Empowering women as clean energy entrepreneurs

In the renewable energy sector, women account for around 32% of overall employment, compared to 22% in the more traditional oil and gas sector. On the one hand, this indicates that women are underrepresented in the energy sector as a whole, but on the other hand, it demonstrates that renewable energy, as a younger and more active sector, offers a chance for change. With energy-related greenhouse gas emissions at an all-time high in 2019 and 800 million people still without access to electricity, the world must continue to move toward greener energy alternatives. Increased gender diversity in the renewable energy sector will enable society to tap into greater innovative potential in order to accelerate this transformation. However, there are still barriers for women to enter the renewable energy business that must be overcome in order to expand participation.

Barriers to women in the renewable energy sector
Supporting women’s participation in this industry is critical for achieving gender equality as well as broader economic, societal, and environmental benefits. According to the IMF, the productivity benefits from closing gender inequalities across the economy may enhance GDP by 35 percent on a macroeconomic level. Studies show; Increasing the diversity of leadership teams has also been shown to boost the quality of corporate innovation and financial performance.

Why isn’t there greater development in the renewable energy sector if closing the gender gap has been shown to have various benefits?

IRENA’s research, Renewable Energy: A Gender Perspective, identifies gender norms, social and cultural practices as important impediments. There is a long-held belief that women are less suited to technical fields than men. Women receive little or no technical training in emerging economies, particularly in rural areas, and it is frequently discouraged. In average, fewer women than men will choose to work in STEM fields, while providing girls with better career information and female role models can assist to raise numbers. This could lead to discriminatory hiring practices or misperceptions that women are unfit for certain jobs, such as considering physical strength as a barrier to installation work. Lack of mentoring opportunities and access to informal networks, unequal compensation, and rigid working hours are also listed as hurdles to career advancement in the IRENA report.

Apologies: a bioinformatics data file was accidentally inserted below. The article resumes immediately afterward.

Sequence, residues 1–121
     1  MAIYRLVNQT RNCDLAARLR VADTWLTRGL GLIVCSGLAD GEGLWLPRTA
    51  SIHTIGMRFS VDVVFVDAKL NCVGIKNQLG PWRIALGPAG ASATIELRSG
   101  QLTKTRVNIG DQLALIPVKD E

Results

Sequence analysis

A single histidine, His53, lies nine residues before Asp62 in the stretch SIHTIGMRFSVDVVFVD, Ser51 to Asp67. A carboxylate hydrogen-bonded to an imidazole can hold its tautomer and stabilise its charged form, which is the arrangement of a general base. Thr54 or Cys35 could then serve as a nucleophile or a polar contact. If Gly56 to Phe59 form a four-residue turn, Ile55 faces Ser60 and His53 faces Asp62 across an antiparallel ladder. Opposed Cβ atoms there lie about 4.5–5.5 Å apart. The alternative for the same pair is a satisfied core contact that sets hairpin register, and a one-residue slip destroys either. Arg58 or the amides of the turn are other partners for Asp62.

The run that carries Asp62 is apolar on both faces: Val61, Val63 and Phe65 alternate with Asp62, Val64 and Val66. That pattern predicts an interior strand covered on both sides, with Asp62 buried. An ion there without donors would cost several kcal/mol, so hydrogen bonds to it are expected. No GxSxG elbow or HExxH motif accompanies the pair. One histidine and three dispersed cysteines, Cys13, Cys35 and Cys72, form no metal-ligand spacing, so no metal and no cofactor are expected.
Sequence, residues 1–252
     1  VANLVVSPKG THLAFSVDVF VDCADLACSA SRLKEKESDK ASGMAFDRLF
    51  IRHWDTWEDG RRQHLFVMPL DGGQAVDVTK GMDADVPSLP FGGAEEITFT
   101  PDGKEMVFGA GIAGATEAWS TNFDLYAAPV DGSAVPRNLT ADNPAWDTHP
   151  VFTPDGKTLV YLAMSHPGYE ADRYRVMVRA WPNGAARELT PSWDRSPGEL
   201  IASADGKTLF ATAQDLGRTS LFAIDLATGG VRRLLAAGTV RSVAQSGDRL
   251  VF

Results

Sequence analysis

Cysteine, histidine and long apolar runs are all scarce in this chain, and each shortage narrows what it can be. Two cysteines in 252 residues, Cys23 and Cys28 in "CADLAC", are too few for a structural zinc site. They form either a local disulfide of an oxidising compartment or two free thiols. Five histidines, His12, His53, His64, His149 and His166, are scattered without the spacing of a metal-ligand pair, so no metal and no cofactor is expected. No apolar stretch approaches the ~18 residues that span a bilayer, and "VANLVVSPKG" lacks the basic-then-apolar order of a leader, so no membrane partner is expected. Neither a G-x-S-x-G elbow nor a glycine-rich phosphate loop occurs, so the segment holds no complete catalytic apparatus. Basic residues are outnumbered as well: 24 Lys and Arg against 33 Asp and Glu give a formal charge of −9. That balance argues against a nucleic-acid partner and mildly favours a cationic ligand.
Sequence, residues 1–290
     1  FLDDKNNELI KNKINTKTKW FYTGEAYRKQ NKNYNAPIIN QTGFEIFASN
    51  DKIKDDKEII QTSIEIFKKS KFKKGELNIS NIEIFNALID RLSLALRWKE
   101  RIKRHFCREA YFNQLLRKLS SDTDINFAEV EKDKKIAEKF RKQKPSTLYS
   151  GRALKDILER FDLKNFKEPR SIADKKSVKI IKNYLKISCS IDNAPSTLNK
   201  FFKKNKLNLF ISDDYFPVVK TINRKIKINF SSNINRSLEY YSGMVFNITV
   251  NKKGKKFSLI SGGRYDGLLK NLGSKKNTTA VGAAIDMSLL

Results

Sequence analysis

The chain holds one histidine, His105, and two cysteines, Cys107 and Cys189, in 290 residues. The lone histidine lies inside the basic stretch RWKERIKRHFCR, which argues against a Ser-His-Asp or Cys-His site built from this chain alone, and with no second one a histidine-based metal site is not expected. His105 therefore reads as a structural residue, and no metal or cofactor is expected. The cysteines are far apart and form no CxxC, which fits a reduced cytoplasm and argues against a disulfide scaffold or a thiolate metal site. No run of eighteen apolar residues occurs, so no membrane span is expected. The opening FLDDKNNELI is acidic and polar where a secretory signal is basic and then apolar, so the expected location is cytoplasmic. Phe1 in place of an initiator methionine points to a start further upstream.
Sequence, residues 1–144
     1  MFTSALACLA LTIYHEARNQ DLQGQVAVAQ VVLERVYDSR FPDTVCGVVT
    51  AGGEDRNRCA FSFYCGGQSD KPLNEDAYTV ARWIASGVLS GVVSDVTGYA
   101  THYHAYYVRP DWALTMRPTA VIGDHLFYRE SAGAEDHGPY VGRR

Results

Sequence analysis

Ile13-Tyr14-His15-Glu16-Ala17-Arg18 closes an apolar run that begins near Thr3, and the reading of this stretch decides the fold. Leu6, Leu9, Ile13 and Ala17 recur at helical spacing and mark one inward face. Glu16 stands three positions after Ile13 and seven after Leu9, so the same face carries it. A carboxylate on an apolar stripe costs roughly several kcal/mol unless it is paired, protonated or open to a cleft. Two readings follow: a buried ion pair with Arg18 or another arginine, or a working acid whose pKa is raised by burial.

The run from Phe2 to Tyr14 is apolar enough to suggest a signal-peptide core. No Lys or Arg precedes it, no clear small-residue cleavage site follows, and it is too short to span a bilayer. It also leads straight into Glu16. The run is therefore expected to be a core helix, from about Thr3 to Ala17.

Supporting more women in renewable energy leadership positions can assist to establish a virtuous cycle in which more women enter the field and organizations become more women-friendly. Wandee Khunchornyakong, a female solar power pioneer in Thailand, created a solar power corporation in 1993 that today owns 36 sun farm projects across the country and employs a 60% female workforce.

A central role for women in increasing access to clean energy
Women in rural areas may be able to function as both energy entrepreneurs and energy users as small-scale renewable energy generating and energy efficiency projects become more prevalent. Women can play an important role in the successful deployment of clean energy to replace fossil fuel supply, and they have the greatest stake in expanding access to energy because they are often the most affected. Women can readily communicate with female end-users in certain countries where cultural norms limit interaction between genders, by entering residences to install equipment when male family members are not there. In Cameroon, for example, Hope For a Better Future Vocational Training Institute (HOBEFI) strives to break down traditional gender stereotypes and empower women to aid their communities. We accomplish this by teaching rural women how to design, build, and maintain solar systems that supply energy and hot water to their communities.